Tài liệu A study of attitudinal disjuncts in english versus vietnamese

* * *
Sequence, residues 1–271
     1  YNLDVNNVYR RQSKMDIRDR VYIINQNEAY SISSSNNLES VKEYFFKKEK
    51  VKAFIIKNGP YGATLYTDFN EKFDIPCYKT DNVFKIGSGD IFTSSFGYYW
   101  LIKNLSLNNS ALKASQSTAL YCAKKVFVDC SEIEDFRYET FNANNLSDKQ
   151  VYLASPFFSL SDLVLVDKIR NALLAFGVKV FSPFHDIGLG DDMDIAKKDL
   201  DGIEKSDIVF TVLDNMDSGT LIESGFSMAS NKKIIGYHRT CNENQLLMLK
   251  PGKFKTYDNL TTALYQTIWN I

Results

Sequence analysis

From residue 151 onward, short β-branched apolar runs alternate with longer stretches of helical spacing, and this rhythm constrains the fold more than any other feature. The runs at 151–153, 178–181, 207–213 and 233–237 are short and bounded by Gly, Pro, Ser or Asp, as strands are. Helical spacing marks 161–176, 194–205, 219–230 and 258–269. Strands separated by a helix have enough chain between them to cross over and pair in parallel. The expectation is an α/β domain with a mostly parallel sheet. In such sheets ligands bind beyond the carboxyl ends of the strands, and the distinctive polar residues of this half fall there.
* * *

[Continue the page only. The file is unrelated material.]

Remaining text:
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1 MINISTRY OF TRAINING AND EDUCATION UNIVERSITY OF DANANG 2 The thesis has been completed at the College of Foreign Languages, Danang University. Supervisor: NGU THIEN HUNG, Ph.D. LE THI KHANH CHI Examiner 1: PHAN VAN HOA, Assoc, Prof, Dr. A STUDY OF ATTITUDINAL DISJUNCTS Examiner 2: NGUYEN QUANG NGOAN, Ph.D. IN ENGLISH VERSUS VIETNAMESE The thesis to be orally defended at Examining Committee. Field : The English Language Time: July 2011 Code: 60.22.15 Venue: Tay Nguyen University MASTER THESIS IN THE ENGLISH LANGUAGE (A SUMMARY) The original of this thesis is accessible for purpose of reference at the College of Foreign Languages Library, Danang University and the Information Resources Centre, Danang University. DANANG - 2011 3 4 CHAPTER 1 INTRODUCTION 1.1. RATIONALE In everyday communication, writers or the speakers do not simply inform about the state of affairs mentioned in their utterances. They usually qualify their utterances with some language devices to signal some extra information and comment on the reliability and the source of his or her knowledge. In order to achieve their goals, both writers and speakers commonly express attitudes, value judgments, and commitments towards the propositional contents. For instance, these following utterances have the same descriptive content, but different connotative meanings (1a) They have no right to be here. [51, p.201] (1b) Obviously, they have no right to be here. (1c) Probably, they have no right to be here (1a) is simply a narrative sentence in which one state of affairs is indicated, and it contains no comment of speaker (S), no S’s attitude, etc., so hearer (H) is not be able to identify S’s intention. On the contrary, if it is verbally qualified by words or phrases denoting attitudes such as “Obviously" and “Probably”, in (1b) and (1c), they can be said to convey their attitude and comment towards a state of affairs mentioned in the prepositional content of the utterance. With the additional meaning of the two words “Obviously” and “Probably”, the force of S’s comment can be manifested and the statement sounds more persuasive and personally emotional. These words, which are technically called “Attitudinal Disjuncts”, are useful language devices for S to successfully show his / her attitude. So far much has been written on the related semantic areas such as modality, evidentiality, hedges and style disjuncts in English and Vietnamese, the term ADs may be unfamiliar even so strange to many learners of English, because ADs are just one kind of disjuncts. In addition, when learning English, learners usually have the tendency to pay much attention to the information denoted by main elements of a sentence. Adverbs, particularly ADs do not attract much concern of them. Among these peripheral elements, the ADs may have been considered unimportant point and are therefore misinterpreted. However, ADs not only play an important role in expressing the speaker’s or writer’s evaluation to the clause, but can be also considered as one device to signal the basic purposes of modulating the speaker’s or writer’s claim, especially, when transmitting a thought, manifesting an intention or displaying information. If placed in wrong position, ADs may create a misunderstanding between the speaker and the hearer. However, not many Vietnamese learners of English can realize this problem. Another strong motivation for our choice is the expectation that with a study of the issues of ADs that the learners will be able to understand and use ADs in a better way and quickly acquire some communicative strategies in spoken and academic writing language and from this, they can get great benefit to enhance their competence in spoken and written communication as well as achieve cooperation in interaction. Consequently, the final purpose of this study, therefore, is getting communicative efficiency. 1.2. JUSTIFICATION OF THE STUDY A study in terms of syntax, semantics and pragmatics on ADs will be a significant contribution to the teaching and learning of the learners in the periphrastic units. 1.3. RESEARCH SCOPE The study concentrates primarily on the syntactic, semantic and pragmatic aspects of a small group of ADs in lexical category. 1.4. RESEARCH ORGANIZATION Chapter 1: Introduction Chapter 2: Literature Review and Theoretical Background Chapter 3: Methodology of Research Chapter 4: Findings and Discussion Chapter 5: Conclusion and Implications 5 6 CHAPTER 2 LITERATURE REVIEW AND THEORETICAL BACKGROUND 2.1. PREVIOUS RESEARCH Halliday [17] in his discussion on Theme - Rheme structure introduced one kind of elements that “has special status in the thematic structure”. These elements included ADs known as “Modal Adjuncts” by his term. Biber et al. gave preference to the term stance adverbials and distinguished them with the other two types: circumstance adverbials and linking adverbials. Simultaneously, they labeled ADs as one of the major grammatical devices used to express attitude and judgmentwhich differs from epistemic stance and style stance with respect to structural and semantic characteristics. Quirk and Green Baum have mentioned ADs through their broader term called “Disjuncts” which covered the whole range of ADs. Disjuncts, defined as “a special type of adverbs that have a sort of superior role to the rest of the sentence”. They are classified into two classes: Style disjunct and Attitudinal disjunct. In a paper of Susan & Douglas described the ways speakers and writers used Adverbials to make their personal “stance”. The term Adverbial Marking Stance was defined within three major domains: Epistemic stance, Attitudinal stance, and Style stance. In the reality of the increasing needs for communication, ADs are becoming one of useful means to express speaker’s or writer’s comment or attitude on what they are saying in order to create illocutionary force of their utterance to the hearers or readers. In this sense, the pragmatic functions of ADs are also of interest and are investigated by some Vietnamese grammaticians and linguists from different approaches. Nguyen Minh Thuyet and Nguyen Van Hiep (1998) classified such phrases as “ nghe ñâu P, chắc chắn là + P, rõ ràng là + P, sẽ có thể + P có thể sẽ + P, hình như ( là) + P , dường như là+ P , chừng như + P…” as a type of subordinate elements. They called such phrases as “ñịnh ngữ câu” (sentence predicate) which could be placed at the initial position or be inserted between Subject and Predicate with the function of expressing the modality meaning about what was said in a sentence. Also, in the master thesis “Boosting and Hedging in Academic writing” of Tran Thi Phuong Thao mentioned syntactic, semantic and pragmatic features of hedging and boosting markers in written discourses as “Modal Disjuncts”. From another approach, in Evidential Markers in English versus Vietnamese by Tran Thi Thanh Chau, the syntactic, semantic and pragmatic features of evidential markers in English and Vietnamese have been analyzed along the scale of evidential categories in a contrastive analysis with the Vietnamese equivalents. Perhaps the most beneficial concerning the matters of ADs are the master thesis of Đoan Thi Thu Ha and Ph.D. Thesis of Ngu Thien Hung, they have analyzed and described essential features of a number of words and phrases, which they called “Quán ngữ tình thái” in the relation to the content of the clause and communication situation. However, the authors seemed to deal with a broad area of all kinds of disjuncts, and accordingly, ADs (especially degree of conditions for truth of content such as nghe ñâu , chắc chắn là , rõ ràng là , sẽ có thể , có thể sẽ , hình như ( là), dường như là … have not been considered as independent markers and have not been fully described. Generally speaking, these researches have investigated syntactic, semantic and pragmatic features of many kinds of ADs. However, this is still a broad field with various kinds of ADs. Moreover, as far as contrastive studies are concerned, those English 7 8 ADs do not have exact Vietnamese equivalents, which may create difficulties for Vietnamese learners of English in interpreting and performing them in discourse. What is more, learners of English may make mistakes when they are trying to distinguish between ADs and other kinds of Adverbs such as Adverb of manner (hereafter MA). For instance, in the following sentences, learners of English may get confused in distinguish between MA and AD. 2.2. THEORETICAL BACKGROUND 2.2.1. Defining Disjuncts and ADs Downing and Locke [14] defined disjuncts as linguistic items which “represent a comment by the speaker or writer on the content of the clause as a whole.” He also defined ADs in the following way: “ADs express writers’ affective values – their attitudes towards the propositional content and/or readers rather than commitment to the truth–value. 2.2.2. ADs and Concepts of Modality 2.2.3. The Classification of ADs 2.2.3.1. Type (a): Degree of truth 2.2.3.2. Type (b): Value judgment However, due to the limitation of the research, the study only focuses on ADs relating to Type (a), Degree of truth, which consists of two categories: The ADs express conviction and The ADs figure out some degree of doubt. 2.2.4. ADs and the Cooperative Principle 2.2.5. ADs and Politeness Brown and Levinson [10] classify “face” into two kinds: Negative face and Positive face, which are used in Manipulation and Politeness principle. 2.2.6. Hedging as the Modification of the Illocutionary Force Holmes [19] claimed that modifying the illocutionary force of a speech act may serve to express a variety of attitudes to the hearer, ranging from very positive to the negative attitudes. 2.3. UNSOLVED PROBLEM The comparison and contrast on Syntactic, Semantic and Pragmatic features of ADs in English and Vietnamese in such modern theories do not attract much attention of linguists. Such issues as the precise degree that each AD should be assigned with, their capability in collocation with other modal markers such as modal lexical verbs, modal auxiliaries, their pragmatic roles in interaction have not been touched on and examined closely. Therefore, This study is carried out in an attempt that the research may help Vietnamese learners of English who really wish to enhance their competence in spoken and written communication and achieve cooperation in interaction thorough understanding and appropriate use of ADs in their process of using English. 2.4. SUMMARY CHAPTER 3 RESEARCH METHODOLOGY 3.1. AIMS AND OBJECTIVES 3.1.1. Aims The research is carried out in order to increase students’ awareness about significant similarities and differences between ADs of two languages, and enhance their abilities to use ADs appropriately and communicatively in various situations. 3.1.2. Objectives - To give a description of English and Vietnamese ADs with reference to structures, semantics and pragmatics. - To find out the similarities and differences between ADs in English and their Vietnamese equivalents in terms of syntax, semantics and pragmatics. 9 - To provide some suggestions to the problems that the Vietnamese learners of English may encounter in interpreting and using ADs. 3.2. RESEARCH QUESTIONS - What are the syntactic, semantic and pragmatic features of ADs in English and Vietnamese? - What are the similarities and differences between English and Vietnamese ADs in terms of syntactic, semantic and pragmatic aspects? - What potential difficulties do Vietnamese students of English may have when interpreting and using ADs? 3.3. RESEARCH DESIGN AND RESEARCH METHOD The study is mainly qualitative and descriptive approach: 500 utterances from novels, short stories and plays were interpreted qualitatively. To serve the investigation, the contrastive analysis was also executed to present the similarities and differences between English and Vietnamese ADs. A contrastive analysis of ADs in different kinds of English and Vietnamese discourse was conducted so as to draw out some qualitative information in terms of syntactic, semantic and pragmatic features with particular reference to the learning and teaching of ADs. 3.4. DESCRIPTION OF POPULATION AND SAMPLES Samples were taken from many different sources so as to eliminate the element of subjectivity in the findings of the study that results in a good conclusion and implications. 3.5. DATA COLLECTION 3.6. DATA ANALYSIS By comparing and contrasting English and Vietnamese ADs from different discourses in terms of syntactic, semantic and pragmatic aspects, some similarities and differences between English and Vietnamese ADs in the distribution and interpersonal effects can be identified. Basing on the data collected from analyzing, the potential difficulties that the Vietnamese learners of English may encounter can be found. 10 3.7. PROCEDURES 3.8. INSTRUMENTS 3.9. RELIABILITY AND VALIDITY CHAPTER 4 FINDINGS AND DISCUSSION 4.1. SYNTACTIC CHARACTERISTICS OF ADS IN ENGLISH AND VIETNAMESE 4.1.1. The Morphological and Syntactic Features The majority of English modal adverbs of attitude in English derives from adjectives and ends in suffix-ly and –ed participle plus suffix-ly. Although there are also common simple forms, such as perhaps, maybe and so on. Traditionally, the -ly adverbs in English can have their equivalents in Vietnamese in form of adjective base plus the corresponding collocutor -một cách. 4.1.2. Syntactic Position of ADs in English and Vietnamese The positions of ADs can be understood as follow Initial position (I): before the subject Medial position - immediately before the operator, the verb, or (M): before the complement in intensive clauses - immediately before auxiliary and after auxiliary Final position (F): after an intransitive verb, an object or a complement Adverbials in English and Vietnamese were found to be realized in a wide range of syntactic forms. 4.1.2.1. Single Adverb Construction ADs of single adverbs expressing degree of doubt are possibly, probably, perhaps, maybe, etc., in English and chắc là, có thể, hình như là, có lẽ là…in Vietnamese. English ADs showing the degree of truth 11 12 are certainly, clearly, surely, obviously and so on. The equivalent Vietnamese ADs are rõ ràng là, dĩ nhiên là, không nghi ngờ gì… Typically, these words have considered freedom on positional terms and may appear at several places in a clause structure, however, their common positions are in the I position of the clausal structure. 4.1.2.2. Adjective Constructions Both English adjective phrases constructions and Vietnamese lexical phrasal constructions often appear in I position. The structure is usually used to convey the level of personal certainty. With a first person pronoun subject it shows the speaker/writer’s strong belief about the information. English adjective phrase construction is characteristically realized in the syntactic structure: It + be + Adj. + (that) P and I + be + Adj. +( that) P. The Vietnamese counterpart is typically characterized by the pattern: Adj (là) P. 4.1.2.3. Noun Constructions The common position for Np constructions are I position in both English and Vietnamese with common patterns such as There is/There are + (Np) + that P in English and Có + Np (rằng/là) P/ Np là P in Vietnamese. ADs can be also modified as premodifiers as almost, very and quite in English and rất, khá in Vietnamese and they may also co-occur in informal speech and writing and express emphasis. 4.1.2.4. Verb Constructions Verb phrase constructions in both languages were found to appear in the clause structure I + Vp (that) P/ Tôi + Vp (rằng) P where the AD construction is syntactically realized as a main clause. 4.1.3. ADs and Modal Auxiliary Verb Collocation We also found instances of speech act verbs between ADs and modal auxiliary verb as the collocation with degree words that act as the specifier or modifier to strengthen the force of the performative verbs. In Vietnamese, modal auxiliary were found to collocate with an AD in initial position in both formal and informal style while no examples were found in formal, academic English. (73) Cũng có thể sẽ tăng lương cho hai cô. [37, p.16] The auxiliary verb can occur with more than an AD indicating probability. (74) I’m quite sure no one can have possibly failed to notice the poster on your bedroom door. [55, p.408] In Vietnamese, despite the same form in realization, there is a difference between modal auxiliary and modal expression. Modal auxiliary has only one position, that is, right after the subject. Modal expression, on the contrary, can take other positions: in front of the subject or between the subject and the predicate. Sometimes, this difference is so subtle that we cannot recognize it easily. In our research we decide to consider them as the same due to the capability to express modality. Thus, it is plausible to create a collocation between a modal auxiliary and an AD in the corresponding categories which match the modal members according to the suitable scale of certainty. This can be summarized in the tables below: Table 4.3. The Potential Collocation of Modal Auxiliaries and ADs Members of ADs A.Possibility B.Probability C.Certainty possibly, perhaps maybe probably, quite likely most likely certainly, definitely, surely, for certain, of course Member of Modal Auxiliary A. Possibility B. Probability C. Certainty might,may, could, can should, ought to, would, will must, can’t + + + 13 14 Table 4.4. Syntactic Position of ADs in English and Vietnamese functional behavior. 4.2.1.2. ADs Indicating Low Certainty ADs of this group express S’s attitude, comment or judgment about the uncertainty and doubt he casts on the content of the proposition. Perhaps, probably, possibly, maybe, seemingly, allegedly in English and có thể sẽ, chắc là, có thể, hình như (là), dường như là , có lẽ là… are considered as low certainty ADs. These help to signal doubtful hypotheses and are beneath challenge and substantiation. In short, such ADs of two levels above are expressing S’s attitude, comment, and judgment on what he/ she said and on the subject of the sentence successfully. When using ADs, S is about to have H make a preparation to listen to his/ her conviction and engagement. And so, ADs, when used, make their very contribution to the ability of expressing the modality for the whole sentence. 4.2.2. The Semantic Functions of ADs in terms of Modal Concord Two modal expressions in the sentences are interpreted as if they contained just a single modal operator. We propose to call this phenomenon “modal concord”. However there are some restrictions on modal concord. For instance, there appear to be two main constraints on modal concord. First, two expressions can only participate in a concord construction if they are of the same modal type. The second one is that the modals involved have to have the same, or at least similar, quantificational force. Languages differ in which modals count as sufficiently similar. For instance, in English we find “probably” combines with expressions of necessity rather than possibility. 4.3. PRAGMATIC CHARACTERISTICS OF ADS IN ENGLISH AND VIETNAMESE 4.3.1. ADs as the Modification of Illocutionary Force 4.3.1.1. Boosting the Illocutionary Force of the Utterance Category of Modal English Constructions I M Vietnamese F I M F Single adverbs + + + + + + Adjective + + + + + - Noun + - - + - - Verb + + + + + + 4.2. SEMANTIC CHARACTERISTICS OF ADS IN ENGLISH VERSUS VIETNAMESE 4.2.1. Semantic Characteristics of ADs in term of Doubt and Certainty The decision of choosing an appropriate AD with specific degree of strength helps to build up the reliability in the course of interaction. The degrees of reliability vary according to the ADs used in the utterance. In order to make convenient for the research, S’s levels of attitude towards the propositional content are semantically classified into 2 main degrees: 4.2.1.1. ADs Indicating High Certainty The term “High certainty of ADs” here implies such ADs that express S’s attitude or judgment on P, in which P indicates strong conviction with a high and certain ability or reliability happening as certainly, surely, clearly, evidently, obviously,…etc. The semantic equivalents in Vietnamese are rõ (là), rõ ràng là, chắc chắn là, không nghi ngờ gì. By using these ADs in the utterance, the speaker may imply that the truth or evidence for judging the reliability of the content proposition is no way necessary. All ADs with high certainty have lexical source “certainty”. Yet they do not express certainty to the same degree. The ADs have different semantic developments and these explain their different 15 16 a. Positive Politeness Strategies with High ADs in Affirming the Concession in Keeping the Face of S and H The corpus yielded instances of ADs used for boosting function, specially to convince the addressee, most often in the positive strategy which highlights the speaker’s and hearer’s positive face. However, in Vietnamese, S usually marks this strategy by using performative structures or high certainty ADs. In communication, the disadvantages of S have tendency to be hidden by the Modesty maxim and Honesty one. Speakers showed strong commitment towards the truth value of a proposition, to reveal their concession to the hearers to share opinions, especially in negotiation. In doing so, the focus is on another proposition rendering the speaker's different viewpoint. However, it is not always that the speaker conforms to this norm and accepts the cost. He or she may choose to use high certainty of ADs to assert his/ her statement in order to save or protect his positive face. If the disjuncts were omitted, the force of the speech acts would not be so clearly intensified and the persuativeness in these utterances would not be so explicitly manifested as in examples with the disjuncts. b. Positive Politeness Strategies with High ADs in Saving S’s Face from the Objection High certainty ADs can be used to emphasize S’s opinions and standpoints. Sometimes, the previous judgments of the interlocutors are likely to threaten to S’s face, and then S reacts to the judgment of the person using ADs of high certainty to contradict the previous speaker’s remark. 4.3.1.2. Softening the Illocutionary Force of the Utterance a. Negative Politeness Strategies with Low ADs in Softening Criticism S may employ the ADs with low certainty to down tone or soften the illocutionary force whose effect by nature is to potentially threaten the other speaker’s face. b. Negative Politeness Strategies with Low ADs in Avoiding Imposing the Knowledge Low certainty of ADs are used to reduce the S’s certainty and soften the illocutionary force of an affirmative action when S believes that H has an opposite opinions or thoughts. By using low certainty ADs the speaker intended to tone down the force of the utterance whose effect might possibly hurt the hearer’s face. It can be seen that the content of the proposition in these utterances were not pleasant or flattering to the hearer. It is hard to receive such unfavorable remarks for a normal hearer; accordingly, these utterances should be hedged or softened to reduce the face risk to both the speaker and the hearer in an embarrassing situation. Table 4.6. English and Vietnamese ADs with Positive Politeness Strategies Linguisti English Vietnamese Strategies Pragmatic c devices High ADs certainly, chắc chắn, tất surely, + but nhiên, ñương nhiên, + nhưng ... Affirming the concession on H actually, certainly, In fact ñấy chứ, chứ, cơ mà, thì có, kia, mà, sự thật là, thật ra Affirming the opinion to save S certainly, really, awfully, quá, lắm, thật cực kỳ, ñúng là, rất chi là, Boosting H’s quality Orienting H+S, softening the disadvantages for S+H (action of judgment) Orienting S, boosting benefits for S (action of confession) Orienting H, boosting benefits for H(action of judgment, compliment) 17 Table 4.7. English and Vietnamese ADs with Negative Politeness Strategies Linguistic English Vietnamese Strategies Pragmatic devices Low ADs I’m afraid, I guess, just seems, seems like pretty, dường như, Avoiding hơi, cũng hơi, critism có vẻ, có lẽ, người ta nói Orienting H , softening the action of judgment, evaluation, critism perhaps, hình như, có avoiding the Orienting H , maybe lẽ, có khi imposing of softening the knowledge action of declaration about academic knowledge 4.3.2. ADs and Function of Organizing the Discourse Semantically and grammatically, in order to participate into the conversation successfully, both S and H should create something besides the propositional information that they need to provide. Therefore, although it is only a piece of interaction to exchange information or simply a normal greeting, an utterance needs to have some linguistic devices to make it more natural and more interpersonal. And one of these is to use ADs. 4.3.3 Remarks on the Similarities and Differences of ADs in English and Vietnamese. 4.3.3.1. Similarities between English and Vietnamese ADs Lexically, English and Vietnamese languages exist on the variations of ADs such as: words or group of words and noun phrases. Syntactically, both languages have a large number of ADs at the initial position in the sentence. This is considered a natural thematic position for the departure of an opinion or judgment qualified with an 18 attitudinal disjunct. At this position, ADs of both languages take the function of a modifier to the whole sentence or utterance. These ADs are peripheral to the clause structure and can be omitted without affecting on syntactic structure of the proposition following. A linguistic element is semantically detached when its presence or absence does not alter the core meaning of the sentence. Another similarity in syntax is that, ADs in both languages can occur in declarative sentences, not in imperative ones. Illocutionary satellites cannot fall within the scope of negation, but the predication they can combine with can be positive or negative. Table 4.9. The Semantic Similarity of ADs in English and Vietnamese Functions showing speakers’ commitment English Vietnamese + + + + + + using high and low ADs (depending on the reliability on P) combining the auxiliary and the ADs according to degree of strength being modified as premodifiers of degree almost, very, quite + rất, khá + Table 4.10. The Pragmatic Similarity of ADs in English and Vietnamese Functions English Vietnamese Boosting the Softening the + + illocutionary force illocutionary force - High ADs in affirming - Low ADs in the concession in keeping softening critism + + the face of S and H - High ADs in boosting - Low ADs in in saving S’s face by avoiding imposing + + the objection the knowledge 19 20 4.3.3.2 Differences between English and Vietnamese ADs Table 4.11. Syntactic Differences of ADs in English and Vietnamese English Vietnamese Category of Modal Constructions F I M F I M Adjective + + + + + - their mistakes making and how to correct these mistakes in their process of competence and usage. Apart from paying attention to the semantic and pragmatic features of English ADs in the comparison to those of Vietnamese language, learners should be aware of the different positions of AD in the relation to other sentence components, especially in the relation to Adverb of manner (MA). In order to distinguish an AD from an MA, this study proposes several ways, especially focus on the way of distinguishing the two kinds by means of their positions in a sentence: - At the initial position: it is the most popular position of ADs, whereas the ability of appearing MA is rare. - At the final position: it is the position characterized for MA with its function of complementing for the main Verb in the sentence. - In the medial position: this position is applied mainly for AD since this placement of AD is also helps AD to carry out the function of expressing S’s judgment on the Subject. AD at this position usually precedes the main verb and implies that the comment is carried out on the subject of the sentence. So whenever an Adverb is before the main verb, it has more possibility to be an AD than an MA. Moreover, there are many possible ways to distinguish AD from MA such as: depending on the meaning of the main verb in the sentence (for example, if the main Verb is “see”, the adverbs modifying it must be MA: see obviously, clearly etc), or depending on the meaning of the whole sentence (for example, if P following Adverb contains S’s opinion, attitude or judgment about the content of what is said, or about the people involved, that Adverb may be AD). However, these distinctions are not as obvious as way of looking at the AD’s positions in the sentence, and therefore do not take the effort of searching in this study. Noun + - - + - - Semantically, the most recognizable difference is the unequal number of ADs serving for the same purpose between English and Vietnamese ADs. More specifically, there are much more ADs in number in Vietnamese compared to those ADs in English. For example, the English disjunct “probably” expressing the degree of certainty of S’s commitment on the content of what’s said can be translated such many equivalent meanings in Vietnamese as có lẽ, chắc sẽ , biết ñâu and có thể. The diversity in the number of these sentence adjuncts in Vietnamese has created ability for Vietnamese people to show their emotion, their comment appropriately and successfully. Pragmatically, Vietnamese constraints in positions of ADs have prevented the ability of replacing of Vietnamese ADs, whereas this occurs rather easily in English. This mobility in positions and in changing the function enriches pragmatic using of English ADs in the held of translation and interpretation Adverbs in general and ADs in particular. Moreover, for the purpose of hedging, in English the ADs indicating the speaker’s adherence to Quality Maxim and the ADs showing negative politeness are found the predominating groups meanwhile the ADs indicating the speaker’s adherence to Quality Maxim and Quantity Maxim can be said to be typical in Vietnamese. 4.3.4. Potential Mistakes in Comprehending and Using ADs and Solutions Sometimes, students make mistakes without recognizing the problem. So it is necessary to equip students with the awareness about 21 22 4.4. SUMMARY In conclusion, this chapter has made an analysis on the syntactic, semantics and pragmatic features of English ADs in comparison to those of Vietnamese’s based on the qualitative and contrastive methods of analyzing. Also, some potential mistakes that students may make in the process of interpreting and performing ADs are described and analyzed specifically. a scale of reliability. The analysis also reveals the psychological aspects of ADs in their desirability, their pleasantness with which the speakers may decide to choose the right member on the scale of strength to show a convergence or divergence. Pragmatically, the use of ADs in English and Vietnamese can be governed according to the speaker’s motivation in modulating their attitude toward the illocutionary force of utterance. The choice of an AD may be resulted from the motivation to tone down or boost up the force of a speech act which may threaten or enhance the hearer and speaker’s face. 5.2. IMPLICATIONS FOR LANGUAGE LEARNING AND TEACHING With a hope of giving Vietnamese learners of English an aware of the importance of ADs in everyday conversation, the study also proposes several ways of solving the problems which they may face with. From that, learners can create their confidence in dealing with ADs and establish the habit of using ADs in everyday conversation effectively. Through out this study, it can be seen that the understanding and using of ADs may be significant and important to learners of both English and Vietnamese in their study and practice; however, they are not easy for them to acquire. Firstly, the difficulty may lie in the awareness of the learners on this phenomenon, which is partly due to the lack of teaching of this area of language use. As we have seen, so far English ADs have been paid attention to in a number of teaching materials. Yet, the role of ADs; in particular, their use and functions have not been focused in the process of teaching and learning. Students are not taught to modulate their propositions or their attitude properly in some situations; that may be one of the reasons for their unnatural communication. Secondly, the data analysis proves that the common CHAPTER 5 CONCLUSION – IMPLICATIONS 5.1. CONCLUSION The contrastive analysis of ADs in English and Vietnamese enables us to draw some remarks on their syntactic, semantic and pragmatic aspects. Syntactically, English and Vietnamese make use of a wide range of ADs in form of simple words, phrases, clauses which encompass many categories such as nouns, verbs, adjectives, adverbs and their collocations. The derivation process in English morphology allows ADs to be formed from adjectives and thus, they outnumber the Vietnamese counterpart members whose capacity to be derived from the root form is almost null. Also, ADs in English have been found to be more mobile and flexible in the clausal structure whereas those in Vietnamese are rather restricted to their distinctive positions as thematic or finally after the rheme. Especially, ADs in form of adverbs in English are more productive in their capacity and function as satellites in collocating with other modal markers such as modal lexical verbs and modal auxiliaries while only “sẽ” in Vietnamese allow the collocation with other members such as “chắc sẽ”, “có thể sẽ”, “có lẽ sẽ” … Semantically, ADs in English and Vietnamese are encoded with semantic features such as the marking of an attitude towards the truth or reliability of the state-of-affairs mentioned in the proposition in terms of 23 24 grammatical categories of ADs and their positions in English and Vietnamese are different from each other. As far as a transfer problem concerned, the learners’ habit of ADs performance in Vietnames may impact on their utilization of ADs in the target language. They may not make full use of ADs various types in their utterance or modalized sentences but confine themselves to the use of some common ADs, which turn out to be often importer. Besides adverbs, ADs can be marked by adjective and noun constructions which are used formally in English discourse with distinctive functions. In the actual performance of modalized utterances with disjuncts, the Vietnamese learners of English may ignore this linguistic fact and may stick to the use of some common ADs. As a result, they confine themselves in some category of disjucts and fail to modulate, indicating the appropriate degree of cetainty to the content of proposition and moreover, in appropriate atmosphere of formal or informal discourse. Thirdly, negative transfer may occur as the result of the imbalance in the distribution of a certain grammatical category in the two languages. Vietnamese learners may possibly not utilize English auxiliary modal appropriately, specifically in the harmony with disjuncts of other types. The failure of using different disjuncts in the same utterance may lead to a negative contextual effect to the hearer who could not know whether the speaker is offering him concession in some viewpoint or denying his idea straightfowardly with a single strong disjuncts. The Vietnamese learners’s limitation in performing disjuncts marking English may be due to the unawareness of the harmony and reinforcement of different types of disjuncts. This suggests a need to provide the learners with pragmatic knowledge, specifically the set of constraints of proposition. Fourthly, when encountering the sentences containing ADs, learners need to be aware of the implication in which the speaker makes. It is, therefore, important to distinguish whether a statement implicates S’s evaluation on the fact in the sentence or not. As regards teaching, there must be systematic preparation when it comes to teaching ADs expressing degree of truth, especially in the context. Examples for presentation and illustration should be put in the original context for optimum cognition and understanding. The teaching of ADs to students of both languages must be carried out step by step, from the most commonly used to the least popular, from the most general to possible variants. In conclusion, from the analysis illustrated, Vietnamese learners of English can help themselves improve their understanding about English ADs in the comparison to Vietnamese ones, so that they avoid the negative interference of their mother tongue in the process of learning a foreign language. The study also implicates that as for foreign language teaching, the teachers of English can predict the learners’ potential mistakes as well as apply some teaching techniques to a better teaching. Above are some difficulties Vietnamese learners of English may encounter during their study and communication. With a view to helping them overcome these problems and be more successful in their learning process, we would like to make some suggestions for language learning and teaching. When teaching ADs, teachers do not only attract learners’ attention to the forms, the common patterns and semantic meaning but also to pragmatic factors like the illocutionary force, the source of the information as well as the pragmatic functions. In the first place, more emphasis should be put on the teaching of English ADs to the second language learners and on their awareness of the effects of ADs in the statements. Students should be helped to understand the syntactic, semantic and pragmatic characteristics and differences of ADs in the two languages. 25 26 Importantly, teaching is often made for pragmatic principles; the learners’ attention should be drawn to practical pragmatic knowledge acquired through their language learning. Particularly, the cooperative and politeness principles are worth the learner’s great concern as they are among the factors that can govern the success of conversational situations. Then, appropriate language devices relevant to these principles in both English and Vietnamese should be provided for each communicative strategy. In addition, as we have known, the rules of appropriateness vary from culture to culture. Thus, along with such language specific phenomenon, a contrastive analysis on cross-culture norms should also be executed during the teaching- learning process. Moreover, in the process of learning a foreign language, learners tend to look for the semantic equivalents between the target language and their native one, since it is easier for them to make acquaintance and to gradually improve their language skills in the target language. More specifically, learners will find in this study the similarities and differences between English ADs and Vietnamese ones, which is partly helpful for their interpreting and using English ADs in particular and English Adverbs in general. Last but not least, variant spoken as well as written tasks that require the learners to apply their pragmatic knowledge in using ADs should be designed, for example: - Identifying the ADs and their semantic or pragmatic functions in the discourse; - Inserting and removing ADs and justifying the effect on the meaning of the text; - Replacing variant ADs in an utterance and discussing the change of meaning; - Using ADs in the most effective way to achieve the communicative goals; - Translating the texts realized with ADs into Vietnamese or English; 5.3. LIMITATIONS AND SUGGESTIONS FOR FURTHER RESEARCH Being aware that ADs are a topic of significance to Vietnamese learners of English, we have made a great effort in doing the research. Nonetheless, owing to the shortage of reference materials and the framework of the thesis, the study remains some inevitable restrictions and shortcomings. Some deductions drawn out from the findings are to some extent subjective and some focal points have not been thoroughly examined or explored as they should have been. In the thesis, ADs have been dealt with in the syntactic, semantic and pragmatic domains with samples of ADs from novels, short stories, articles in paper newspapers, but a number of related problems are still aside. Therefore, we suggest intensive research on the following: - Investigations into the use of ADs in various contexts such as science, education, politics, entertainment and so on. - The role of each component in shaping the semantics of ADs and their collocation.